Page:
🔍 Onboard others to your flowchart

Explain to other people how to navigate your flowchart. You can record a Loom video message, leave a voice note, or write a description, telling them what they should know, and how you want them to interact with it. The worst thing you can do is send a random link to your flowchart, saying “Hey…thoughts?” That’s not great async collaboration—you want to give context and direction. 

🧹 Continuously groom your flowcharts

Flow diagrams are important artifacts, and should be treated as such. When they get unruly, separate them into smaller chunks. Getting into the habit of taking care of these diagrams when needed allows them to have a bigger impact. 

📣 Express your rationale

Leave a papertrail of the “whys” behind your ideas to capture richer context. Clarifying as you go helps you remember why you did things and express to other people what you’re thinking. Sometimes that’ll spawn other ideas and your team can collectively figure out where the logic no longer works. 

🚩 Add visual cues

Reinforce your meaning with visual embellishments. Adding an icon here and there adds some visual relief (and makes things less boring 🥱), highlights landmarks, and improves communication. Especially as your flows get bigger, visual embellishments make them easier to navigate.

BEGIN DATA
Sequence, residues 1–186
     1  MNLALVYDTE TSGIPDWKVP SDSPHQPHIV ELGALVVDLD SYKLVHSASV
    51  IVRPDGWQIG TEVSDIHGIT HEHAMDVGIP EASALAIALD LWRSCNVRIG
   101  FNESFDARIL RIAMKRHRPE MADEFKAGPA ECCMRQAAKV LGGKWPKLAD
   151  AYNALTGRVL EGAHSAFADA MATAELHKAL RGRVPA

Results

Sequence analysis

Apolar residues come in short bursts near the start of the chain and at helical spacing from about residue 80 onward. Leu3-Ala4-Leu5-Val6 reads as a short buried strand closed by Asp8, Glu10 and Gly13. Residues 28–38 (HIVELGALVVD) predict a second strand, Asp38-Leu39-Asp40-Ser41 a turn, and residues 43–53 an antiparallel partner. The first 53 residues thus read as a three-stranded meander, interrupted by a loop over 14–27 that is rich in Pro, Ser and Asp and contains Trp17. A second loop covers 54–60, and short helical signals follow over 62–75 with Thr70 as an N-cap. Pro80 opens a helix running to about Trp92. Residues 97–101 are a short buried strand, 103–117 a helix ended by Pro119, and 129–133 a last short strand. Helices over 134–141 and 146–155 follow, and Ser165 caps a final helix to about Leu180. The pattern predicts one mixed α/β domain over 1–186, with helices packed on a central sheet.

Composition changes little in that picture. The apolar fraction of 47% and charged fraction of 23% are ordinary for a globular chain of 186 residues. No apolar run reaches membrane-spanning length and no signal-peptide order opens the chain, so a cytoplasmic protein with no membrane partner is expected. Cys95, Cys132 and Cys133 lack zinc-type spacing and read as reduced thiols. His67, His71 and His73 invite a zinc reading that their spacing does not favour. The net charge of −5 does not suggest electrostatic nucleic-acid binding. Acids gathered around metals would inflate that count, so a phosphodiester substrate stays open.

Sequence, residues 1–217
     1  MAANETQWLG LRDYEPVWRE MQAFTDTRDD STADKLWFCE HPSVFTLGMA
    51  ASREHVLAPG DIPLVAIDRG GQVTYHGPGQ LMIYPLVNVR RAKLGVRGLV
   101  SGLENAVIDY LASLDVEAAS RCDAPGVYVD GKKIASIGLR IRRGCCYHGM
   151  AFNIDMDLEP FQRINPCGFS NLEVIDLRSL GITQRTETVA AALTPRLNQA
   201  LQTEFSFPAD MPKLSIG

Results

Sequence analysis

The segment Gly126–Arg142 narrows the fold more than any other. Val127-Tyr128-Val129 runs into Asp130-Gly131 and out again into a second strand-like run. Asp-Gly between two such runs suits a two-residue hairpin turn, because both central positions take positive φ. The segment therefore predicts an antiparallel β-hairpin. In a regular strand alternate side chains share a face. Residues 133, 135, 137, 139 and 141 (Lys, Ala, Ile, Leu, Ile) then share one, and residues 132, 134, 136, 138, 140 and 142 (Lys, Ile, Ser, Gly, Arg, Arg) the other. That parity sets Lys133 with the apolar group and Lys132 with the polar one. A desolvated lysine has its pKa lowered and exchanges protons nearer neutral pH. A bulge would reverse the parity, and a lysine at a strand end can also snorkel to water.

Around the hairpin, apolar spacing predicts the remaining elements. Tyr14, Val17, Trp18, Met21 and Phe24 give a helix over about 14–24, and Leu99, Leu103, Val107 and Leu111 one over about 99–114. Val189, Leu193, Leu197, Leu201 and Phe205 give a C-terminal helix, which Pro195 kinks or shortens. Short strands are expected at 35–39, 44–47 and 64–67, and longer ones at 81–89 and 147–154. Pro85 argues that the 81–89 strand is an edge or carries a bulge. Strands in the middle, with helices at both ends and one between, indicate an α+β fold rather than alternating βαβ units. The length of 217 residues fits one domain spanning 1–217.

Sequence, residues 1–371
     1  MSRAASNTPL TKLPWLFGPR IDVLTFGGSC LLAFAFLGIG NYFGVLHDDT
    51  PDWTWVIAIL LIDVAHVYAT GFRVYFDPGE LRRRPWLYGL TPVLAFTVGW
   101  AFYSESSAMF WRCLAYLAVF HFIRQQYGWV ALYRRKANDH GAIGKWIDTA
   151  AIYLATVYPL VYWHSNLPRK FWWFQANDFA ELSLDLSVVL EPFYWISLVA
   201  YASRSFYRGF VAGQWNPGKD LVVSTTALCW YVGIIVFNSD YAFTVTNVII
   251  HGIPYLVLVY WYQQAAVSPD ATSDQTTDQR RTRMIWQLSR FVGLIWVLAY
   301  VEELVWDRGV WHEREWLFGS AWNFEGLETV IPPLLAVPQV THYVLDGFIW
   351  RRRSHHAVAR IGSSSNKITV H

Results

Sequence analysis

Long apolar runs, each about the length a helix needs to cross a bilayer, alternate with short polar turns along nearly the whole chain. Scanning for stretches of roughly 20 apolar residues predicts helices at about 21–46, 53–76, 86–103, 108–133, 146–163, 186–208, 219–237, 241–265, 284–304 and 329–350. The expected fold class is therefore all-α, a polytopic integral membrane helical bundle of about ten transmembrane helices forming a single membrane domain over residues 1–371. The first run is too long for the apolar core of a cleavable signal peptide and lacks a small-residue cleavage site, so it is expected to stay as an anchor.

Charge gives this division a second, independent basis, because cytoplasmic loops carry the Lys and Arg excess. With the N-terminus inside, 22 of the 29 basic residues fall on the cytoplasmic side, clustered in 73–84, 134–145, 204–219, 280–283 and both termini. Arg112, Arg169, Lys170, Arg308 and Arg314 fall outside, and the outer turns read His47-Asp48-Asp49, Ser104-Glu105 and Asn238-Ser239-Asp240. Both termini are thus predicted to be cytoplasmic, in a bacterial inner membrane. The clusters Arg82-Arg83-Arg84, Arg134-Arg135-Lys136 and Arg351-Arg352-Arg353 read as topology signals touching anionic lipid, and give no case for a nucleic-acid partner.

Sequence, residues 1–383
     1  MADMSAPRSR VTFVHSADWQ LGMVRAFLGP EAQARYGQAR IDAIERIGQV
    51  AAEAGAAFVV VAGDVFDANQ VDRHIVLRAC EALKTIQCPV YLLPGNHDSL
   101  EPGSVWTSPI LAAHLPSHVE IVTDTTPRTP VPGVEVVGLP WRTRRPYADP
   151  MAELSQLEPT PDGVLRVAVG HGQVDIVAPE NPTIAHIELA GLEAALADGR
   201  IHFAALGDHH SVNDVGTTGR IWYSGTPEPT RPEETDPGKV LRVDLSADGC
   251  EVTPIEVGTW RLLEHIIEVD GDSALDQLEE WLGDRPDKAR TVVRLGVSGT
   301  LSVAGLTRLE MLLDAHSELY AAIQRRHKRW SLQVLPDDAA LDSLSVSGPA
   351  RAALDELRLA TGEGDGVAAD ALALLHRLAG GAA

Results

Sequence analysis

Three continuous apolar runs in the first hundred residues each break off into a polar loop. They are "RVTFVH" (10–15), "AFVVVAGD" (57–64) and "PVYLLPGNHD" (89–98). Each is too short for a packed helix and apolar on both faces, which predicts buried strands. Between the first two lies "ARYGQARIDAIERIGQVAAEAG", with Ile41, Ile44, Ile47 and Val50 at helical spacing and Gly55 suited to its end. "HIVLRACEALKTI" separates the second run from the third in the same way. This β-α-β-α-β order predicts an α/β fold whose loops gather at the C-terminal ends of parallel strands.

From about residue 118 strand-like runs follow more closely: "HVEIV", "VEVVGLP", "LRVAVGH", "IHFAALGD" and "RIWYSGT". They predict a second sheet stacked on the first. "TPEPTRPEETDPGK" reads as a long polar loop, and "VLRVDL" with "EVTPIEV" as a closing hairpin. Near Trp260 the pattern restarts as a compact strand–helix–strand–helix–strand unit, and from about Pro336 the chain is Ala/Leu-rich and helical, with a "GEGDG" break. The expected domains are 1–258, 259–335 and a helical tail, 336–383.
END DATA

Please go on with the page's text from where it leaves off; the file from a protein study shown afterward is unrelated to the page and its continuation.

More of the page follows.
How do you decide which type of diagram to use, and when? 

You can use flow diagrams to convey a range of ideas—from everyday tasks to intricate software processes. But that might leave you wondering just when and how exactly to use them. 🤷🏻‍♀️

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If you found this intro content useful and find yourself needing to express yourself more efficiently on your software team, this training is for you. Our new flowchart training includes real-life enterprise stories and examples for using flowcharts for UX. You’ll get tips on how to make your diagramming efforts successful, how to derive info for the flow charts, and how to get others to use and participate in the diagramming process.